Ans - Belgium- wielrennen - cycling - radsport - cyclisme - Illustration picture of the peloton in Stavelot Blancs Moussis Blancs-Moussis pictured during Liege - Bastogne - Liege 2015 (1.UWT) - photo JB/VK/PN/Cor Vos © 2015
Different fans on the Walloon road

‘Back in the day’ L-B-L used to run back to back with the Flèche Wallone, the two races were known as the ‘Weekend Ardennais.’

Only the best riders of their respective generations have won both races in the same season; Ferdi Kubler (Switzerland) twice 1951 & 1952, Stan Ockers (Belgium) 1855, Eddy Merckx (Belgium) 1972, Moreno Argentin (Italy) 1991, Davide Rebellin (Italy) 2004, Philippe Gilbert 2011 and Alejandro Valverde twice 2006 and 2015.

Ferdi Kubler, foto Cor Vos ©
Ferdi Kubler

Unsurprisingly, ‘Big Ted’ – as we named Baron Merckx back then – is the ‘record man’ on five wins with the classy Argentin on four. The Belgian also holds the record for top 10 finishes, a feat he achieved on 10 occasions. The fact that four of the ‘doubles’ were completed in the last few years says much about the changes in pro cycling. Merckx would charge through the early season from Milan – San Remo (which he won seven times) to the Amstel - which closed the Classics season back then and which the Belgian won twice - without missing a beat. In this millennium, such a thing would be out of the question as riders specialize in cobbled, sprinters’ or Ardennes Classics – but very good to see the likes of Gilbert and GVA ‘crossing over’ and riding all of the big early races.

1973 Liège - Eddy Merckx

The Contenders
And on the subject of riders, here’s our top ten – sadly not included in our punditry: Phil Gil (Quick-Step Floors & Belgium) who damaged his kidney in a seemingly innocuous crash en route his Amstel triumph; Julian Alaphilippe (Quick-Step Floors & France) and last year’s winner, Wout Poels (Team Sky & The Netherlands) both out with knee injuries.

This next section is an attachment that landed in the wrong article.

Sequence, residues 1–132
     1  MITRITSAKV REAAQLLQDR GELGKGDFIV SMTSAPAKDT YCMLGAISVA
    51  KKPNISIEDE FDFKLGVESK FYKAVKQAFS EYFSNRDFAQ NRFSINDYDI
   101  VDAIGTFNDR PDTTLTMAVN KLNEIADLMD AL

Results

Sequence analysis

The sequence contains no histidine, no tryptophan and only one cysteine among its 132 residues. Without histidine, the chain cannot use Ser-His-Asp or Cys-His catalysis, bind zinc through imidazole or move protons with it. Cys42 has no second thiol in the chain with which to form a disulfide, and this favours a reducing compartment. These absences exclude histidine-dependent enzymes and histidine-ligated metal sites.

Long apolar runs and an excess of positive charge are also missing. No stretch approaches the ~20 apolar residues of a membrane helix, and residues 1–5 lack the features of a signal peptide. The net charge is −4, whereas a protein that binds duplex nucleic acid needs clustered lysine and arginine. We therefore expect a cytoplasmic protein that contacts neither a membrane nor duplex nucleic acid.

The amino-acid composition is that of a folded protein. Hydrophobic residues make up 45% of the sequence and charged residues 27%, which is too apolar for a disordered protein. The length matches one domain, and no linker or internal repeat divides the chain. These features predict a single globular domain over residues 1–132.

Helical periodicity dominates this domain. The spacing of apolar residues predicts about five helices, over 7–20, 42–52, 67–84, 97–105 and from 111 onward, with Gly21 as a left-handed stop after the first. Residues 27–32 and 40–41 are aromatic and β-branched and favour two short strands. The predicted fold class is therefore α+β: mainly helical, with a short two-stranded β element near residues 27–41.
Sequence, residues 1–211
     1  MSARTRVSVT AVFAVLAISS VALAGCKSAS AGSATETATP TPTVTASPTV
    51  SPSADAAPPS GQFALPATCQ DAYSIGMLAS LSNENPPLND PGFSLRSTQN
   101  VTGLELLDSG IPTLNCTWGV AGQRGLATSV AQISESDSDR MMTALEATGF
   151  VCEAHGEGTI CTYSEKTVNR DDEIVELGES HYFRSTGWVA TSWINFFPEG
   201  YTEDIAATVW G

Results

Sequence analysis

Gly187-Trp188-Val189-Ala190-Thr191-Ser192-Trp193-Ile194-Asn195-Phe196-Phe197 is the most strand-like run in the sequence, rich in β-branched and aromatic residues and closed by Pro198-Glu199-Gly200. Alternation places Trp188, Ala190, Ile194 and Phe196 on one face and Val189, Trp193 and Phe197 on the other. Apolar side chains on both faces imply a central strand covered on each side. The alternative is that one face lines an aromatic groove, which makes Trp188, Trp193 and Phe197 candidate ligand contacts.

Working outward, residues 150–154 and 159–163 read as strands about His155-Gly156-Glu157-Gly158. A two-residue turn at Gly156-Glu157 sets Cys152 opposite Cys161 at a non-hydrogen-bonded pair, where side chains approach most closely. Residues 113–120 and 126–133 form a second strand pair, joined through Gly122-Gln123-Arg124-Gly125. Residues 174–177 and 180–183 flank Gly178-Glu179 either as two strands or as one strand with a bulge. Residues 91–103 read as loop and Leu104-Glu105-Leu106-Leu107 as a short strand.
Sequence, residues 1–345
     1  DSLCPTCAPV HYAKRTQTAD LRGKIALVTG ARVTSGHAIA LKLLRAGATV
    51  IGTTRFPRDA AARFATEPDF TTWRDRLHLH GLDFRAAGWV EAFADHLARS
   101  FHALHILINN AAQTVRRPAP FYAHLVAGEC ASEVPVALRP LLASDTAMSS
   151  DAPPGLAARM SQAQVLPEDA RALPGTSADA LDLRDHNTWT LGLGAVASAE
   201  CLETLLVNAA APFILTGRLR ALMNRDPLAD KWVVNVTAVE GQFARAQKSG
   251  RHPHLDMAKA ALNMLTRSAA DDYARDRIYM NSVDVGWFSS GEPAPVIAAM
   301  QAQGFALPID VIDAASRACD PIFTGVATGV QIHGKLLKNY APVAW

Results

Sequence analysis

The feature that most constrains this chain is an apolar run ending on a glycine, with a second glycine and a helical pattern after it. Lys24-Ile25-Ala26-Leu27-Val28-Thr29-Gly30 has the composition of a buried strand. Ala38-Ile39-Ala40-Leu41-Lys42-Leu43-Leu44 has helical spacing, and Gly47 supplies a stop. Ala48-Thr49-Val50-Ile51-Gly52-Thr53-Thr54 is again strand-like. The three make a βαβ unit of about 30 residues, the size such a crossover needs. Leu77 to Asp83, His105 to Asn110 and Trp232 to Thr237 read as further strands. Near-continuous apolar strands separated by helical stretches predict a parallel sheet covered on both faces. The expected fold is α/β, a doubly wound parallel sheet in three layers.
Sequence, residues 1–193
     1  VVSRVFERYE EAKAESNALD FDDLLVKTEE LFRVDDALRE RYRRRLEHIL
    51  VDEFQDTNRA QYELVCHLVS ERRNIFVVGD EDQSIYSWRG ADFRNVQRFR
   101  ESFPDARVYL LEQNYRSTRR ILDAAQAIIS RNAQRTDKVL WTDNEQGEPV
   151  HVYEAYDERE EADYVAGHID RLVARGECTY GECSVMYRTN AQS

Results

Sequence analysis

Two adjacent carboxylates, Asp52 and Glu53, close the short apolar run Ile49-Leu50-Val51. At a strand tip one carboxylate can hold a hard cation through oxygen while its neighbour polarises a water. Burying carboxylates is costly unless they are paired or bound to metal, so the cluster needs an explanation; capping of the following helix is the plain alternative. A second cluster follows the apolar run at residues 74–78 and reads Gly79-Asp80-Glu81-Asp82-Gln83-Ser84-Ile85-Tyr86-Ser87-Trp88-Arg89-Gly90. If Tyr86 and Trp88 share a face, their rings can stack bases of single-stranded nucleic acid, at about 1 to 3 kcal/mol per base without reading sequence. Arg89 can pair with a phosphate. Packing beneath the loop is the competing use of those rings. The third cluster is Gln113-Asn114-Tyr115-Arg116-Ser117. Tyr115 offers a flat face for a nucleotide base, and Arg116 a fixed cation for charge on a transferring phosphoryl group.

Luik - Belgium - wielrennen - cycling - radsport - cyclisme - Wout Poels Wout (Netherlands / Team Sky) pictured during Liege - Bastogne - Liege 2016 - photo Dion Kerckhoffs/Davy Rietbergen/Cor Vos © 2016
No return to Liège for 2016 winner Wout Poels

Michael Albasini (Orica-Scott & Switzerland): the way he sits on a bike isn’t the most stylish but he just keeps on getting better – third in the Amstel and a stage win in the Pais Vasco say everything we need to know about his form – and he was second to Poels here last year.

Valkenburg - Netherlands - wielrennen - cycling - cyclisme - radsport - Michael ALBASINI (Swiss / Team Orica Scott) - Philippe GILBERT (Belgium / Team Quick Step - Floors) - Sergio Luis HENAO MONTOYA (Columbia / Team Sky) pictured during the Amstel Gold Race 2017 - foto Pool/BC/Cor Vos © 2017

Romain Bardet (AG2R-La Mondiale & France): was sixth in 2015 and 13th last year; this year hasn’t been amazing and that DQ in Paris-Nice won’t have helped morale but he’s been close to the cigar in Catalunya and the Pais Vasco.

Giro dell'Emilia 2016

Rui Costa (UAE Team Emirates & Portugal): was perhaps primed by his team to be at his best for his ‘home’ races in the sand – he hit the ground running with a stage in San Juan then was second on GC in Oman and then won in Abu Dhabi. Too much too soon? Probably.

Sergio Henao (Team Sky & Colombia): He won his national champs then Paris-Nice, was strong in the Pais Vasco – and was top ten here two years ago, so he knows all about that never ending finish climb.

Ion Izagirre (Bahrain-Merida & Spain): top ten in the Amstel, third in the Pais Vasco and seventh in Paris-Nice – that’s nice form. And as an ex-Movistar and Euskaltel man there’s little he need to learn about going up hills.